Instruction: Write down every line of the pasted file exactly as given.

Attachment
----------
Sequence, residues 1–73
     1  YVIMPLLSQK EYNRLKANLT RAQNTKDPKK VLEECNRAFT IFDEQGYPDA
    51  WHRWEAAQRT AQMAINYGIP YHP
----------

Sequence, residues 1–73
     1  YVIMPLLSQK EYNRLKANLT RAQNTKDPKK VLEECNRAFT IFDEQGYPDA
    51  WHRWEAAQRT AQMAINYGIP YHP